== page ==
The king's mother was punished for her crime.

The king ruled with a heavy heart and much sadness. He sighed and mourned for his fair Egaré. And when he saw children play, he would weep silently to himself. Seven years passed, and nobody could relieve him of his grief and sadness. Until one day he mused how his lady had been drowned in the sea and conceived the idea of journeying to Rome. 'Through the grace of God I shall visit the Pope,' he declared, 'and suffer a penance.' He ordered many ships to be fitted out, and he filled them full of the things that would make for a pleasant voyage for his men. Then he distributed alms, for the good of his soul, and made his way on board.

The best sailors in the land raised the sail, put out the oars and saw to the safe handling of the ship. The wind blew just as they wished, the weather was perfect, they sailed swiftly over the salt foam and through the grace of God, through his power, they came safely to Rome and took their lodgings at the very house in which Emaré was living.

Emaré called her son quickly over to her and said: 'Darling, do as I tell you. Tomorrow you are to serve in the hall dressed in fine clothes, before a king! Make sure that you are courteous and that no one finds any cause to criticise you for anything you say or do. When you serve the after-dinner sweets, kneel before the king and take his hand in yours. And when you have done this, take the gold cup and serve him with wine. And whatever he says to you, for God's blessing and for mine, come quickly and tell me what he has said.'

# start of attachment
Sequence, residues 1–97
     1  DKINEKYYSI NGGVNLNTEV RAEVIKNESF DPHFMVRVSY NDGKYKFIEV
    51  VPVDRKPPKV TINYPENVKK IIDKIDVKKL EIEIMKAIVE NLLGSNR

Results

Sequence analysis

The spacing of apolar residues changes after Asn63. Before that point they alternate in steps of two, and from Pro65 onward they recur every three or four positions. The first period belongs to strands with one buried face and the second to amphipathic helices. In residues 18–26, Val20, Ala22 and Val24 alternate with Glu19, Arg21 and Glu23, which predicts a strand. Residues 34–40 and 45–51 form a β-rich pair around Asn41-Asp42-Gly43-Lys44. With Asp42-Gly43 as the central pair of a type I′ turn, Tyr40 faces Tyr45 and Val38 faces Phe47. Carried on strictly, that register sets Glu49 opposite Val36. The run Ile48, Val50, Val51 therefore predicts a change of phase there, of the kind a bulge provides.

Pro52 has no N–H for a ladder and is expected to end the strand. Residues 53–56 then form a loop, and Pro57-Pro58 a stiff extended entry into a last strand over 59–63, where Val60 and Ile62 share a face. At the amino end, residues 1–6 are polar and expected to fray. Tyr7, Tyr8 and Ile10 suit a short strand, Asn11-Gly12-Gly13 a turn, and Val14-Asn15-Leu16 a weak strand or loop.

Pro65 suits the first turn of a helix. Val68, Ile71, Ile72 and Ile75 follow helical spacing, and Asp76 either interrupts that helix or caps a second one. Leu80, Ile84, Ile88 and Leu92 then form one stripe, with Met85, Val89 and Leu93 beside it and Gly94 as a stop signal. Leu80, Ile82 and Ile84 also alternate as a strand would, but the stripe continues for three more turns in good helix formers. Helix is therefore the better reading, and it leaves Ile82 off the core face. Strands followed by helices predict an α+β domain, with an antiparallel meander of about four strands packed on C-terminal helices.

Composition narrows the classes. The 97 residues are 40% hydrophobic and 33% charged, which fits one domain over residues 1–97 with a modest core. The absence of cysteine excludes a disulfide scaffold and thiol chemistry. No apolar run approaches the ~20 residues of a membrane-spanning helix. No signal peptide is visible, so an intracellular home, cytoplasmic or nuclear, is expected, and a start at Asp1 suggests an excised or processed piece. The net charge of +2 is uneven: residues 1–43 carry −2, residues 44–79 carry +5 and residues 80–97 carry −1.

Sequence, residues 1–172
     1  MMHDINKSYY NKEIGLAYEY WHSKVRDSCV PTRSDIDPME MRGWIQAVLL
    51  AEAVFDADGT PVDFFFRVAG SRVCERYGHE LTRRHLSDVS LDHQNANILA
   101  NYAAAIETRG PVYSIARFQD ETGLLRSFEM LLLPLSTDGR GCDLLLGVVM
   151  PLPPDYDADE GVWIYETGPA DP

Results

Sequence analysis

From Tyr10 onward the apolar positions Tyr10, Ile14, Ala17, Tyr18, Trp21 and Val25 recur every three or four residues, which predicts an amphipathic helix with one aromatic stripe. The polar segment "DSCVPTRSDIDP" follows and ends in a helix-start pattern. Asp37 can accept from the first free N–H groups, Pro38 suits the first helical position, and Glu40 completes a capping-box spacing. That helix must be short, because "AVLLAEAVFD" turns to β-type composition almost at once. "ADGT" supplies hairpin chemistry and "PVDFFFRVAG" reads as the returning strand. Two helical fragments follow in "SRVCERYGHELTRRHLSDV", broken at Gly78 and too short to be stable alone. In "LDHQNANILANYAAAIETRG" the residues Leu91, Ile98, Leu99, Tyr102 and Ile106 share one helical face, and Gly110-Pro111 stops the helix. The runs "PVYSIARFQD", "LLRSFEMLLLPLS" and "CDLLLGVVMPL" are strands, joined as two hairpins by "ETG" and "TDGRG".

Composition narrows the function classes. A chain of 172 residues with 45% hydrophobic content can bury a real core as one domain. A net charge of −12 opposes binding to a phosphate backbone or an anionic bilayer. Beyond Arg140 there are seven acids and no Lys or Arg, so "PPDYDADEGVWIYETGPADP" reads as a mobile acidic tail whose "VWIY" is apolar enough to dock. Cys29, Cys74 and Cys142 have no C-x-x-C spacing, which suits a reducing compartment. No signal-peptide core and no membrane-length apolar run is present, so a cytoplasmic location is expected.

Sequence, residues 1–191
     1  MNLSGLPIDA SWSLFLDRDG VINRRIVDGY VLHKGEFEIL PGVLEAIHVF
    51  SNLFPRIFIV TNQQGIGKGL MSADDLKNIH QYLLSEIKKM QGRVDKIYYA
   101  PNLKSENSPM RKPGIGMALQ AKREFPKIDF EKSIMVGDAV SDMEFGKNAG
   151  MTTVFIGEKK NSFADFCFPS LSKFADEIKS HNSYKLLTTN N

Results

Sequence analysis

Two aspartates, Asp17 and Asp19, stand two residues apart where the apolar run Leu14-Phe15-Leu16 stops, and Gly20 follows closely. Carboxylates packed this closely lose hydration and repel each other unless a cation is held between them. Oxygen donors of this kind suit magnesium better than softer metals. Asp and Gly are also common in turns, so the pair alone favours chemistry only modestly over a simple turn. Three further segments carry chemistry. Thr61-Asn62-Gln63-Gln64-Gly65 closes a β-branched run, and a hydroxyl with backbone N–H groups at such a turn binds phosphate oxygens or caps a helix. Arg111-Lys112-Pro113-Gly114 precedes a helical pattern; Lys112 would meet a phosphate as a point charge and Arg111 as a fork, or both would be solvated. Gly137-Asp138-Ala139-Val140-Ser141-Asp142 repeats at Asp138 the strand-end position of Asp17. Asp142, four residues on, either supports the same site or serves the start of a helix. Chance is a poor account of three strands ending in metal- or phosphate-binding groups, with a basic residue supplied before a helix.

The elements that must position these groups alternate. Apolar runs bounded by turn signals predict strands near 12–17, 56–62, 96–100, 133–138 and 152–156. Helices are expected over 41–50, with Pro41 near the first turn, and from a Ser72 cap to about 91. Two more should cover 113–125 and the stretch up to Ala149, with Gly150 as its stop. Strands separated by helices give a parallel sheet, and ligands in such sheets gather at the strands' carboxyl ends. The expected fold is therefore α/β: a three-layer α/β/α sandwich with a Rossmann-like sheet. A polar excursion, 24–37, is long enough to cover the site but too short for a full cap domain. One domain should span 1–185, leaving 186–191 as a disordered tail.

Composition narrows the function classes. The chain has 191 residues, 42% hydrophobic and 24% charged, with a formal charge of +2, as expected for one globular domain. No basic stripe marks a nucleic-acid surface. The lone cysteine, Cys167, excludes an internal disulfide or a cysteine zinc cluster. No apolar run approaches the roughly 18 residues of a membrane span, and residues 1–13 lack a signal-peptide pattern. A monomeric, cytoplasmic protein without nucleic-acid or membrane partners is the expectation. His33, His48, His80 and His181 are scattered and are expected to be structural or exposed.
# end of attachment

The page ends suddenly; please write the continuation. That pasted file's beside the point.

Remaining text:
So when the time came, the child went into the hall among all the handsome lords and noblemen. The guests washed and went to sit at the tables, and minstrels played as the meal was served. Segramour served so carefully and so courteously that all those present were delighted and spoke very highly of him. They said they had never seen such a gracious and well-mannered young man. The king said laughingly to him: 'Sweet son, what is your name?'

'Lord,' he said, 'it is Segramour.'

Immediately, the king's humour changed to one of great sadness, for the name reminded him of his dead son. He began to cry, he was so upset. The tears streamed from his eyes and his heart broke once again as he remembered the dreadful events that had once taken place. But despite this, he collected himself and found great pleasure in the child's company. The king asked the merchant, Jurdan: 'Sir, is this your son?'

'Yes, it is,' replied the merchant.